Brush and black ink. Signed GROSZ in pencil bottom right. 500 x 284 mm.
PROVENANCE: Arte Centro, Milan (arch. n. 2/47/1).
Published in the catalogue George Grosz, 1912-1950, Milan, Arte Centro, 1999, illustrated at page 36
Georg Gross, who in 1916 became George Grosz was born in 1893 in Berlin. He spends his childhood in Pomerania, and studied at the Royal Academy of Fine Arts in Dresden from 1909 to 1911, then at the School of Arts and Crafts in Berlin from 1912 to 1916. In the early 10s, George Grosz published caricatures in newspapers and magazines.
In 1913 he went to Paris where he met the painter Jules Pascin. He volunteered for service in the army in 1914; he was reformed in 1915 due to injuries, mobilized again in 1917 and finally reformed the following year due to depression. From 1915, Grosz translates his war experience into violent expressionist drawings where he shows the horror and cruelty of the conflict. He is fiercely antinationalist German. He speaks English provoking and caricaturing the German people, citizens, soldiers and clergymen, carrying out a violent attack against the established order.
George Grosz participates in the formation of the Berlin Dada group in 1918 and in the same year he joins the Communist Party. He collaborates with the magazine Der Dada. The artist expresses himself through realistic or satirical drawing, painting, watercolor painting; he creates photocollages, photomontages. In 1920 his first exhibition was presented, the year in which he too exhibited at the First International Dada Fair in Berlin, an event of which he was co-founder (with John Heartfield and Raoul Hausmann); note the presence of works by Max Ernst and Otto Dix. Grosz becomes president of the Rote Gruppe (Red Group), an association of communist artists.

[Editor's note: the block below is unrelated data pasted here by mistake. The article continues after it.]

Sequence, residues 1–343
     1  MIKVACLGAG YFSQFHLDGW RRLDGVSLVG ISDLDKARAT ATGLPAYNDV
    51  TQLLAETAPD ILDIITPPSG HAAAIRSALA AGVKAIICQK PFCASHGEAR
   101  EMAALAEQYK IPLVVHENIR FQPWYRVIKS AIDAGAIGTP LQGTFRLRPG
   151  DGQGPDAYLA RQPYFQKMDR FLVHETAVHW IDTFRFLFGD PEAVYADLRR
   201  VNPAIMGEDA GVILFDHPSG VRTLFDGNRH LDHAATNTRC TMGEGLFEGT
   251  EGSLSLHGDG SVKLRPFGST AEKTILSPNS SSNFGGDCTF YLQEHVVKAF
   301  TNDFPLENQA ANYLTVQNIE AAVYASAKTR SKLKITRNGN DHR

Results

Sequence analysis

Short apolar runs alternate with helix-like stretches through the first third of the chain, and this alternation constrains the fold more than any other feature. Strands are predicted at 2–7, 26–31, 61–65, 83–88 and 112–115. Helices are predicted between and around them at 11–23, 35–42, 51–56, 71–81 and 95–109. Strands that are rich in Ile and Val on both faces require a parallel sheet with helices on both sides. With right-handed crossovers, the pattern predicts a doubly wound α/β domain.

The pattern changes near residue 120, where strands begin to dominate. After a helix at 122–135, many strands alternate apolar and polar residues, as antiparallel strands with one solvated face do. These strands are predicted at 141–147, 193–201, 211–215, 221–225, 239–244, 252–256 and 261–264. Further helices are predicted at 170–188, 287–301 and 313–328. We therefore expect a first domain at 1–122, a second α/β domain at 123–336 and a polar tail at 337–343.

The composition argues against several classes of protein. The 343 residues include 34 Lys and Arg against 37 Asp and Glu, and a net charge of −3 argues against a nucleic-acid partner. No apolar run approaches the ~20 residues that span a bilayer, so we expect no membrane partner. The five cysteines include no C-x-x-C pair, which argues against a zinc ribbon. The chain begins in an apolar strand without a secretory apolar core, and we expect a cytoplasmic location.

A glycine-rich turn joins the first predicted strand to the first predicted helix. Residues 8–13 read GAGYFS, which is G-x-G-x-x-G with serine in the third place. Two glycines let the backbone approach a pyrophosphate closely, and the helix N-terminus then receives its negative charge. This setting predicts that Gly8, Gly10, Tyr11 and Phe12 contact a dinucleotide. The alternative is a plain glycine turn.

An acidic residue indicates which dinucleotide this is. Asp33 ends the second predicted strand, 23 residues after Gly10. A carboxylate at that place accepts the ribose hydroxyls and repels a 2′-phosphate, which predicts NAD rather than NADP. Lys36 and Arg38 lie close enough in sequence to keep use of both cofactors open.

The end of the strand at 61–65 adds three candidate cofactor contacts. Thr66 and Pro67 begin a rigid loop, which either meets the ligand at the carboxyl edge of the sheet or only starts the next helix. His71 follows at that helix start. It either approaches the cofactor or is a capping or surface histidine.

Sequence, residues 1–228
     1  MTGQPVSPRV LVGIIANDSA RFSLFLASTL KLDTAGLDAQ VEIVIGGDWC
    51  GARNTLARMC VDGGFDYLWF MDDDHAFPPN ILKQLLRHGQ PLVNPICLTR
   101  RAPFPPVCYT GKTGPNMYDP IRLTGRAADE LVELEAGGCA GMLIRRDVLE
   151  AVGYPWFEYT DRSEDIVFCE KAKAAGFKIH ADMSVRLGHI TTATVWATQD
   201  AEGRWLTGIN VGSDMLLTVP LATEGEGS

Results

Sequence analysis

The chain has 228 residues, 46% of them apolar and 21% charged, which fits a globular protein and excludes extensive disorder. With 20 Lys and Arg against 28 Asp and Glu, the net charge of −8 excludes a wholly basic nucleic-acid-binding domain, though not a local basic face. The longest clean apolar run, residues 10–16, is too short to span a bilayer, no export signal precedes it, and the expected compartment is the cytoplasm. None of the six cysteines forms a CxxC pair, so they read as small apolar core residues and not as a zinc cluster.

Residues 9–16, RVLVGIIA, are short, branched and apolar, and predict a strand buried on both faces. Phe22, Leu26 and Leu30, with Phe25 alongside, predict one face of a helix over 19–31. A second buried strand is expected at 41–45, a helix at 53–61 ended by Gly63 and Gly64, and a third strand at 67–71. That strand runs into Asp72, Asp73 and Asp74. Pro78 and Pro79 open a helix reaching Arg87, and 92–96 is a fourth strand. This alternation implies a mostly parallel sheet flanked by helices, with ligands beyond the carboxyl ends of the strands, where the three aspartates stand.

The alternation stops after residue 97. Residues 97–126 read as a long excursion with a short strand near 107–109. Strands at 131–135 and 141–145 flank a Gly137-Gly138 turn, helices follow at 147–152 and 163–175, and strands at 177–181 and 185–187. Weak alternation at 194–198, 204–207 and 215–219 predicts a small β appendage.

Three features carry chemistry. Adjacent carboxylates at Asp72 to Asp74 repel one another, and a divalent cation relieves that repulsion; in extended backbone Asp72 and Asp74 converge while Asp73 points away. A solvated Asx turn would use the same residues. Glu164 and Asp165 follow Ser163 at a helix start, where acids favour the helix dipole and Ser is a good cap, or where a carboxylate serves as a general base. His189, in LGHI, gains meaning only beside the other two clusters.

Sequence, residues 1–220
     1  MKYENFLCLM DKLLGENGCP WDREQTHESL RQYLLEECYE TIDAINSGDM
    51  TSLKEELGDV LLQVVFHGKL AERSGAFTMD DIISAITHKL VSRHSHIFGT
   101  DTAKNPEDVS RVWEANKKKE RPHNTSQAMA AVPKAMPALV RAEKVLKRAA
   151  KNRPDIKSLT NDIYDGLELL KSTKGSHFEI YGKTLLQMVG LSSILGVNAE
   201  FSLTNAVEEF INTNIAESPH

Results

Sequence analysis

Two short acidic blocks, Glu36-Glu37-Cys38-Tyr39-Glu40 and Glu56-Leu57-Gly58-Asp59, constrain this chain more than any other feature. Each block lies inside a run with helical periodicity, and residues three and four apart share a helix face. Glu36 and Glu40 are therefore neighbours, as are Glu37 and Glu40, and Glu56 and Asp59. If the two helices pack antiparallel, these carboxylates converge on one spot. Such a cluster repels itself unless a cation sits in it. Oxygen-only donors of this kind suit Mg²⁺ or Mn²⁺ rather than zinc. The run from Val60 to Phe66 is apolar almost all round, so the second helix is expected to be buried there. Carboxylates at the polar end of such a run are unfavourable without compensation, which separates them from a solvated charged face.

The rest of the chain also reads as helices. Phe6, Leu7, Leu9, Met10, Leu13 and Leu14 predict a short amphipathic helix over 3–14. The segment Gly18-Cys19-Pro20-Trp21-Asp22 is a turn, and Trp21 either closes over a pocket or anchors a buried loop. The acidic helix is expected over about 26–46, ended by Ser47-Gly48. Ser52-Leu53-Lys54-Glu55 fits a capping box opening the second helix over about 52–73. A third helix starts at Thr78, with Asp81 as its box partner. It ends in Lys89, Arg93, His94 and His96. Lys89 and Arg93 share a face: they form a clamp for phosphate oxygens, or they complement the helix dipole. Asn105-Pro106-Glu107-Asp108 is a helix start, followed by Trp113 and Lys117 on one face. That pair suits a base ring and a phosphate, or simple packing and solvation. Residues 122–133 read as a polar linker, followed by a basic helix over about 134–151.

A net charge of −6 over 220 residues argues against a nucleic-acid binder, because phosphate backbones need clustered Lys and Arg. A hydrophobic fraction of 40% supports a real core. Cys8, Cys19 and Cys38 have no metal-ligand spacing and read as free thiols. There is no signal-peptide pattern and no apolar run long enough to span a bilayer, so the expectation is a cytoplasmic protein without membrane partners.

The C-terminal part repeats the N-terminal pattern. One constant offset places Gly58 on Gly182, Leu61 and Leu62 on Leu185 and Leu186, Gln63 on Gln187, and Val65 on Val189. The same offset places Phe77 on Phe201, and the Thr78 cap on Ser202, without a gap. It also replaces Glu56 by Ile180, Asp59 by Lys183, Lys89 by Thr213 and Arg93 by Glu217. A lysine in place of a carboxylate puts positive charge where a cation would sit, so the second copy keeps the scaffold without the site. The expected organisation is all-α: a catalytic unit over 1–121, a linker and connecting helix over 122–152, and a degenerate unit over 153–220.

In the 1920s, George Grosz is one of the main representatives of the New Objectivity movement, a period in which he painted realistic portraits. The artist is repeatedly convicted of posting obscene images and profanity.
Invited to teach at the Art Students League of New York, George Grosz emigrated to the United States in 1933 (a few days before Hitler came to power) and acquired American citizenship in 1938. He mainly draws landscapes that reflect a new inner peace. In 1937 some of his works took part in the Degenerate Art exhibition organized in Berlin by the Nazi regime; his works are removed from all German museums.
In 1941 and 1942, the artist was a professor at Columbia University. George Grosz moved back to Germany (West Berlin) in June 1959, where he died in an accident a month later.